Royal agony continues

George W Bush’s time in Britain was a state visit. This meant he was the guest of the queen and stayed at Buckingham Palace. It was to be part of the post-Iraq victory celebrations and the beginning of his election campaign.

George W Bush’s time in Britain was a state visit. This meant he was the guest of the queen and stayed at Buckingham Palace. It was to be part of the post-Iraq victory celebrations and the beginning of his election campaign. Pictures of Bush with the queen would add a certain gravitas to the Texas cowboy and play well with voters back home. Fortunately over 200,000 demonstrators turned up to spoil the party.

A state visit is no ordinary event. It is 84 years since the last US president came to Britain for such an occasion, when Woodrow Wilson met George V. At the end of World War I, Britain was still the world’s major imperial power. But the US had entered the war and through the sacrifice and slaughter of its soldiers had forced its way to the imperialist top table. The state visit was recognition by the British ruling class of the new economic and political realities.

A state visit implies a deeper and more strategic relationship between the ruling classes of Britain and America. It is a relationship which changed significantly during World War II and the subsequent cold war. The queen more adequately ‘represents the nation’ in that alliance, not least because her reign corresponds to the post-war period. Blair is here today and gone tomorrow, but the alliance is regarded as much more than any superficial bond between Bush and Blair.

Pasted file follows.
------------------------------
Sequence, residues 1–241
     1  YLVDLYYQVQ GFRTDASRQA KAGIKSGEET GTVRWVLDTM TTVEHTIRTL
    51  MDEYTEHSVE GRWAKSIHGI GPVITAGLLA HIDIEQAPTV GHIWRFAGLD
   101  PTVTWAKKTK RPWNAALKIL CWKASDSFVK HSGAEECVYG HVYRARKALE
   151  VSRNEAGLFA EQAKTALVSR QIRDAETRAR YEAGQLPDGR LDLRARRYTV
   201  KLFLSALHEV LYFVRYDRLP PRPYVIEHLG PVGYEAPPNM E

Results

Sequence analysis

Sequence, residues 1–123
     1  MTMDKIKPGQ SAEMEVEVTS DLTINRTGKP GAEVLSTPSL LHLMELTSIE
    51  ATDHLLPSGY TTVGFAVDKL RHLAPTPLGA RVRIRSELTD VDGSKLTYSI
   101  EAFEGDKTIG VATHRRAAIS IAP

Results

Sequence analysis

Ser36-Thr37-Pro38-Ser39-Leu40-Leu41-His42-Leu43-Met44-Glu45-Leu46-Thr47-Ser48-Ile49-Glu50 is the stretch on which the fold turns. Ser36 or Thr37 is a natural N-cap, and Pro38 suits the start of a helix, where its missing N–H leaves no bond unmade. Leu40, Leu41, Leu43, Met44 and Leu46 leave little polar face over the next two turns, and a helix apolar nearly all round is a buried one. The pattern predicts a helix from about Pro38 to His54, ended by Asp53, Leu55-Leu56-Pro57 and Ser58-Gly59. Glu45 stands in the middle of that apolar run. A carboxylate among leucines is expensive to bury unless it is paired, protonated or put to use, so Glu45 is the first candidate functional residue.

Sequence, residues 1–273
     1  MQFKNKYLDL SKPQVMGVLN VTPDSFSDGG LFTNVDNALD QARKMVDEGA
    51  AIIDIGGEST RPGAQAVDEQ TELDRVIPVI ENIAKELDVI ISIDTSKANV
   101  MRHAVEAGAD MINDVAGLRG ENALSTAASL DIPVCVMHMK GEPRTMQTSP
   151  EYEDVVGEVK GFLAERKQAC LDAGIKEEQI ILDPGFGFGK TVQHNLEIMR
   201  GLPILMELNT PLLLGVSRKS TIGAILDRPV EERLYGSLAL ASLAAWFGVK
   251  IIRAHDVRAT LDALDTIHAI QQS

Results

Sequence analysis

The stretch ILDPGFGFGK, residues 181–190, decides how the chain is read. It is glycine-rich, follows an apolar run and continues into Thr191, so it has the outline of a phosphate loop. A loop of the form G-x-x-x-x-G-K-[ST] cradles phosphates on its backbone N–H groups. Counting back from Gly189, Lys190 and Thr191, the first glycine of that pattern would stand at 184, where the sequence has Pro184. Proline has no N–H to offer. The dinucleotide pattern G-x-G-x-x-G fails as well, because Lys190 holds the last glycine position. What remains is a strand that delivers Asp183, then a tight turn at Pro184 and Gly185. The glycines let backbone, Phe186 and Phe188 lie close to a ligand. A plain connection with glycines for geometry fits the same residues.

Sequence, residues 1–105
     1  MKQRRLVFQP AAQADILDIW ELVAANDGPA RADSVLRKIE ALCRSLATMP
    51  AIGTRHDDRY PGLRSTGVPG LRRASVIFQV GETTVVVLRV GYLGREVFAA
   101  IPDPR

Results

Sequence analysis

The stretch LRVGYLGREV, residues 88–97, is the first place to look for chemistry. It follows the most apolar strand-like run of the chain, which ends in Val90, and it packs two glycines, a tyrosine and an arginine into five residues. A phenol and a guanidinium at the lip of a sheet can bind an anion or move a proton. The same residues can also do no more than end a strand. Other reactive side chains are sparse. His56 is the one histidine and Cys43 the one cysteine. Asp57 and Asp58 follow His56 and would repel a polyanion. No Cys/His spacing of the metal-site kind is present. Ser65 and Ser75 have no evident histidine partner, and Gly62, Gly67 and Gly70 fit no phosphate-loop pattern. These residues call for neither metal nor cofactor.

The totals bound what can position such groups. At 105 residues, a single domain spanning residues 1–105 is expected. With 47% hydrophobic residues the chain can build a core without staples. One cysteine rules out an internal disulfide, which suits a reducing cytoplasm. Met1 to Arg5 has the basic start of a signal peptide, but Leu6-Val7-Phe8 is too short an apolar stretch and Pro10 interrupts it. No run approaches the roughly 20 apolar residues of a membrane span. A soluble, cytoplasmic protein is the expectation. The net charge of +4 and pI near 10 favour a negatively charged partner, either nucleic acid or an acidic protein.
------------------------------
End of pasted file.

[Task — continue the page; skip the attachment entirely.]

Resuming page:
To say that the queen represents the nation does not get to the essence of the issue. Any Marxist worth their salt will know that ‘nation’ and ‘national interests’ are code words for ‘class’ and ‘class interests’. The queen represents the British ruling class, both symbolically and practically. She is perfectly fitted for this task. She is a billionaire capitalist and landowner, with historic roots in the evolution of the ruling class from feudalism to 21st century capitalism. She has been one of the ruling class’s best informed and most experienced politicians, an ‘insider’ in state affairs for over 50 years.

Many people think that the monarchy is ‘above politics’ or outside the terrain of class struggle. This is about as naive as thinking the ruling class does not interfere in politics, preferring to leave it to elected politicians like Blair. The British ruling class is represented by the state, or the ‘crown’, through the security services (MI5 and MI6), the Whitehall ‘mandarins’, heads of the armed forces, ambassadors and diplomats, and connected to the major financial, industrial and commercial interests which control our economic destiny.

The queen is the one person who commands the loyalty of those in charge of the state apparatus. She represents the ruling class as if she were their senior shop steward with a unique ability to call them all out ‘on strike’ if that were ever necessary. Had Blair been trying taking us to war without the support of the ruling class, this would have been revealed via a conflict with the monarchy and other parts of the state.